Senior center director retiring
When Toby Brewster started work for the Loudon County Office on Aging as secretary in 1978, the Loudon County Senior Center was located in a three-level dormitory that housed nurses employed at the Bacon Hospital in Loudon.
Brewster remained with the office throughout her career, working through the ranks to become director in 1992. She was in that position when the program moved in 2006 to the new Loudon County Senior Center.
Brewster is leaving Tuesday, retiring after 34 years. She plans to spend time playing with her grandson and traveling with her husband.
It will be interesting to see senior life from the retirement perspective, she said.
As she worried about helping older people for years, something somewhat surprising happened, she said.
"I got old myself," she said, with a wry, 68-year-old smile.
"I guess I have worked every job we had here at one point or another," Brewster said. "Gussie McSpadden was the first senior director, and Vicki Williams was director when I came to work. I have been secretary, activities coordinator, kitchen worker and even van driver if I was needed."
Brewster faced her share of challenges in the job. Before the center moved to its present location, Brewster's charge for 28 years was finding space for programs to serve seniors.
When the new building was completed, Brewster's challenge was to get it furnished through fundraisers and donated items.
"We got really nice stuff," Brewster said. "We contacted so many people, and the whole community got involved."
Now, the challenge is to reach out to an aging population and encourage seniors to participate in the programs the center provides. Many people, Brewster said, are not informed about what is available or simply don't get involved. She does not understand why.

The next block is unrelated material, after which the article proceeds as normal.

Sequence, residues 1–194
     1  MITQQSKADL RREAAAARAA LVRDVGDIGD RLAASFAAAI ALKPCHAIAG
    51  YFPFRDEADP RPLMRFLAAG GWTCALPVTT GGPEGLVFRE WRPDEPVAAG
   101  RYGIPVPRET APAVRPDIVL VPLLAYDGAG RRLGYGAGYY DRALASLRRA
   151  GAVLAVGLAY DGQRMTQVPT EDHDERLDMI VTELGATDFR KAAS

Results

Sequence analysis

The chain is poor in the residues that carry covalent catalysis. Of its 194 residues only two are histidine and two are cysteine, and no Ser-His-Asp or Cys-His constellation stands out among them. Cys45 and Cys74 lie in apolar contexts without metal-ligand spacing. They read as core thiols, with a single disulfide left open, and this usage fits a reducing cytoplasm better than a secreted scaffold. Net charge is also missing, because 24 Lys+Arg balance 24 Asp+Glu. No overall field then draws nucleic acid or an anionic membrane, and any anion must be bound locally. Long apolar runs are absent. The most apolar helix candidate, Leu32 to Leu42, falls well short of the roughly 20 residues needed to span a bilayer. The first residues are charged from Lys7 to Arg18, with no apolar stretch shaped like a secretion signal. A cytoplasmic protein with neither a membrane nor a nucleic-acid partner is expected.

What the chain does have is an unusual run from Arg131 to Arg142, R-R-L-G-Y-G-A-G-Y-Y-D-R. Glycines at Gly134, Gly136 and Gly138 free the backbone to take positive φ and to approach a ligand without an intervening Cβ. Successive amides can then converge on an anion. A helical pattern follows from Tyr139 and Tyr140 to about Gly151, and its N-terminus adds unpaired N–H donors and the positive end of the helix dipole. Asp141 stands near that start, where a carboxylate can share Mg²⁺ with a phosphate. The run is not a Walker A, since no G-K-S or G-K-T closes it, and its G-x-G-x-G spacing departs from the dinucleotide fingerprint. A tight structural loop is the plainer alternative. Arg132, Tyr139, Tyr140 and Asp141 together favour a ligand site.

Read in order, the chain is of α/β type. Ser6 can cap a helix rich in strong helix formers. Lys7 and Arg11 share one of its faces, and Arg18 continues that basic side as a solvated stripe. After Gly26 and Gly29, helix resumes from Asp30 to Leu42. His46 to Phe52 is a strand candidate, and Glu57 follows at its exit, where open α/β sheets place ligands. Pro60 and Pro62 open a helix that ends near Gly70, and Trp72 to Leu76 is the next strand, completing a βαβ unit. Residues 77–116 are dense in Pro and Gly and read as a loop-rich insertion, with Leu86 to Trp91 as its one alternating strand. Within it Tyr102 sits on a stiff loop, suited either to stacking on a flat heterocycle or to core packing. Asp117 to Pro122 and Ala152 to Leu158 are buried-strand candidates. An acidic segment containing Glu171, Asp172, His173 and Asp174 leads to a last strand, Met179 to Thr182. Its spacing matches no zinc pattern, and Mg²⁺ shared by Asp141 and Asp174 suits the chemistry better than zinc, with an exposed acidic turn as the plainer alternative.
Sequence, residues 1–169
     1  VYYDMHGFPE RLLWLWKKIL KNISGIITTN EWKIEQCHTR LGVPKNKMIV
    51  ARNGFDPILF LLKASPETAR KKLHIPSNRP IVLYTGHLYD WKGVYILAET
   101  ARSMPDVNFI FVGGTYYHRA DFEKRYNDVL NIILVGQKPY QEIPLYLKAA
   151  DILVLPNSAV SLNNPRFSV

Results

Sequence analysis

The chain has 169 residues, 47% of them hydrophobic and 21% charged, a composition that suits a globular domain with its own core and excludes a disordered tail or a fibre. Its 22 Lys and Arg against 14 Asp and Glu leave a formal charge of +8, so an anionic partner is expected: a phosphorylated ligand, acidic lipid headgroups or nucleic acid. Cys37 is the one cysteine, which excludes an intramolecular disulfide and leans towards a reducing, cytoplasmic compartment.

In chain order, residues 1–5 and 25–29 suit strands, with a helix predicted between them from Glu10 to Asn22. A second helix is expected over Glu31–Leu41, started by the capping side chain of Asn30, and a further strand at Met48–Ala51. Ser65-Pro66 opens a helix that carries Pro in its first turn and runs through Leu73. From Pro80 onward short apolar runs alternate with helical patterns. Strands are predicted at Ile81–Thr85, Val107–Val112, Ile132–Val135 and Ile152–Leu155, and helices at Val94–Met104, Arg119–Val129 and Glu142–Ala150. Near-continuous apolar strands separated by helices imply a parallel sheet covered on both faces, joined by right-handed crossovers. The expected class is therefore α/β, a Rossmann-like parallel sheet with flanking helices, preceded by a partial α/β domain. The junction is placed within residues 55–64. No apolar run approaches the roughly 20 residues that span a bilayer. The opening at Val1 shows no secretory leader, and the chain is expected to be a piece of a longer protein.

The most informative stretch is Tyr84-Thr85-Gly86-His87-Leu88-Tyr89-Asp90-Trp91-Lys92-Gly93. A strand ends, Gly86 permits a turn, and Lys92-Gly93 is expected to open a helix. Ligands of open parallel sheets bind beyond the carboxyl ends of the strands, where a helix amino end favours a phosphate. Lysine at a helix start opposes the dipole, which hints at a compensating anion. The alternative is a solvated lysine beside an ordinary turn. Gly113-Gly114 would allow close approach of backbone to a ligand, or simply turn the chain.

"I have 95-year-old people who tell me that when they get old enough they are going to come to the center to exercise," Brewster said.
But there's more to do than exercise class.
"Our focus is to keep people viable in their older years," Brewster said. "We give them a place for socializing and structured programs -- things to do. We make a difference. That is one of our goals. We always want to expand our programs. This building has tripled our participation. We have more young retirees."
The building located at 901 Main St., on the banks of the river, was opened in December 2006. It offers more than 7,000 square feet of space and provides computer labs, art, games, pool and weekly lunches. Most of the programs provided are free or at a minimal cost.
Each week, Brewster said, 80 to 100 people come to the center for activities.
"I think we have made a real difference in a lot of people's lives," Brewster said. "We have health promotional programs and do blood pressure check every other week. The pool room is a hot spot -- it goes all the time. It has been a real good thing for us. We had nothing for the men to do in the old building, but now they get involved. We have entertainment and educational programs about consumer credit and scams. This is a central place for seniors to get information."
The senior center also provides transportation once a week on Tuesdays to doctor appointments in Knoxville and trips to Walmart for groceries and goods. Homemaker services are offered in certain cases through the Office on Aging.
"With retirement-age people living longer, there is more demand for services for seniors," Brewster said.
The city of Loudon donated the property for the center, and the $1.2 million facility was built through funding provided by Loudon County Commission. The programs are partially funded through the federal Office on Aging. The center receives some funding from the state, Loudon County and United Way of Loudon County.
Williams, former activities director, was named director Wednesday by Mayor Estelle Herron.
"Gail has been with the center 30 years," Brewster said. "She will do a great job."
Williams said Brewster will be missed.
"She has been a wonderful boss and compassionate to the staff and seniors. She loves her job," Williams said.
The challenges will continue in the future, Williams said. "There will be more baby boomers coming in and activities will have to change," she said.
Donna Altavater, who directed transportation, will become the new activities director. Jennie Broyles will assume transportation duties, and Brenda Key will be the part-time homemaker.